One in five has met a predator online?

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  1. I understand the support of something like the legislation proposed by McCain, but I don’t see a real serious effort at it combating pedophiles or child predators. It would be nice in the way that more people would help out when the come across things online if they knew exactly who to go to with it. If you see someone breaking into a car on your street, you know exactly who to give that information to, but there’s nothing clear about online crimes. So for that area I understand.
    But when you think of the online communication method used by Mark Foley, then this McCain bill doesn’t do anything to prevent that. It deals with people posting on the internet, which would be trying to do something about child pornography, and I understand the effort there, but it doesn’t do anything about contacting and chatting with minors, which is what I think most people are concerned about with the internet.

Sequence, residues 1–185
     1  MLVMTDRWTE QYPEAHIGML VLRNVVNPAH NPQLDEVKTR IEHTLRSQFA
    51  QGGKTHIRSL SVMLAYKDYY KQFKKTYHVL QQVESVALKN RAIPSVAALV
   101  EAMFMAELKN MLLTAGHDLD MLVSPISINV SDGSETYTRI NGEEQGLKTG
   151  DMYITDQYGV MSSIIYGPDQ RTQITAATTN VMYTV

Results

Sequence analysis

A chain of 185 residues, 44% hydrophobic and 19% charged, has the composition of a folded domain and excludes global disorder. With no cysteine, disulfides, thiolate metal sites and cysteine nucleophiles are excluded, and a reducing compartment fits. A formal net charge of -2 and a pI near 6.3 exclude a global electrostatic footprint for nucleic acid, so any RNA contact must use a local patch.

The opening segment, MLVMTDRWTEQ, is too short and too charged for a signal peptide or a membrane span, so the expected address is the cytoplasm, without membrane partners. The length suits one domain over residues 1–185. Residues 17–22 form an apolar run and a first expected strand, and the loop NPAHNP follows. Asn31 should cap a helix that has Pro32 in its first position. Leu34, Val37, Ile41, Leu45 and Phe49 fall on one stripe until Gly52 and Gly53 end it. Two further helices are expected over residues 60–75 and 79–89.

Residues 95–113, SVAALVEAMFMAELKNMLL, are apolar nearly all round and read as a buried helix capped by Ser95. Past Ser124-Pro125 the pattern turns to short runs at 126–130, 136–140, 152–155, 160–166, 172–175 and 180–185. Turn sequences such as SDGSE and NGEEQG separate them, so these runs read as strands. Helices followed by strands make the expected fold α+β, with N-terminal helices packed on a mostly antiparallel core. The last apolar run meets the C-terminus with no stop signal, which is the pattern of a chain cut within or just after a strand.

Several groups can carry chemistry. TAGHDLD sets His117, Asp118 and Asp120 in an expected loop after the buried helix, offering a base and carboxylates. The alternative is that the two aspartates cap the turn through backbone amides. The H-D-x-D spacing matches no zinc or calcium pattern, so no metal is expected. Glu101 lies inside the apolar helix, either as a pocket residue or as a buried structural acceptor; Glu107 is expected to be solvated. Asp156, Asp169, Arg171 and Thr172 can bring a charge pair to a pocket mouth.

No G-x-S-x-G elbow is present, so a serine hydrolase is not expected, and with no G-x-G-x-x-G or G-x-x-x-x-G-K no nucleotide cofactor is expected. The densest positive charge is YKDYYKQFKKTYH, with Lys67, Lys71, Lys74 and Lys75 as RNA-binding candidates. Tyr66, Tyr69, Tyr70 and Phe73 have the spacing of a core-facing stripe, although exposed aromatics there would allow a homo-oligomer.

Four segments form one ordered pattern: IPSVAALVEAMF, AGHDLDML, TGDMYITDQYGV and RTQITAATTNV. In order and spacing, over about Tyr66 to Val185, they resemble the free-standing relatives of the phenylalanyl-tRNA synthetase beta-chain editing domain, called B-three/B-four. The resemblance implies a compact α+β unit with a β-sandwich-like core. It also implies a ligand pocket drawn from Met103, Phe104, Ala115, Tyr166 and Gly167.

So we basically get this massive data mining initiative that shows no end results in reducing that “1 in 5” contacts number. It is something that I think largely goes back to the parents to be more cautious of, and is an easy “patriotism” type issue for Congress to take advantage of and make no constructive investigation into how to help the problem.

  2. To begin with, I would like to know where Abe Saavedra pulled that number out of. Last I heard, the Secret Service was a part of the Treasury Dept, and handled Presidential security as well as crimes related to the money supply (e.g. forgery.) So, I am guessing it came from the stratosphere, where the air is really thin. And, since ‘most kids don’t tell their parents”, it is gonna be hard to disprove.
    As to McCain’s latest bill: I don’t know about others, but I do “sweep my own nest” – but I don’t know that I would be willing to take on the data-retention burden that this bill appears to ram down our throats. However, I do know that McCain is a bit miffed at the blogosphere for opposing McCain-Feingold, and I personally think this may be his form of payback.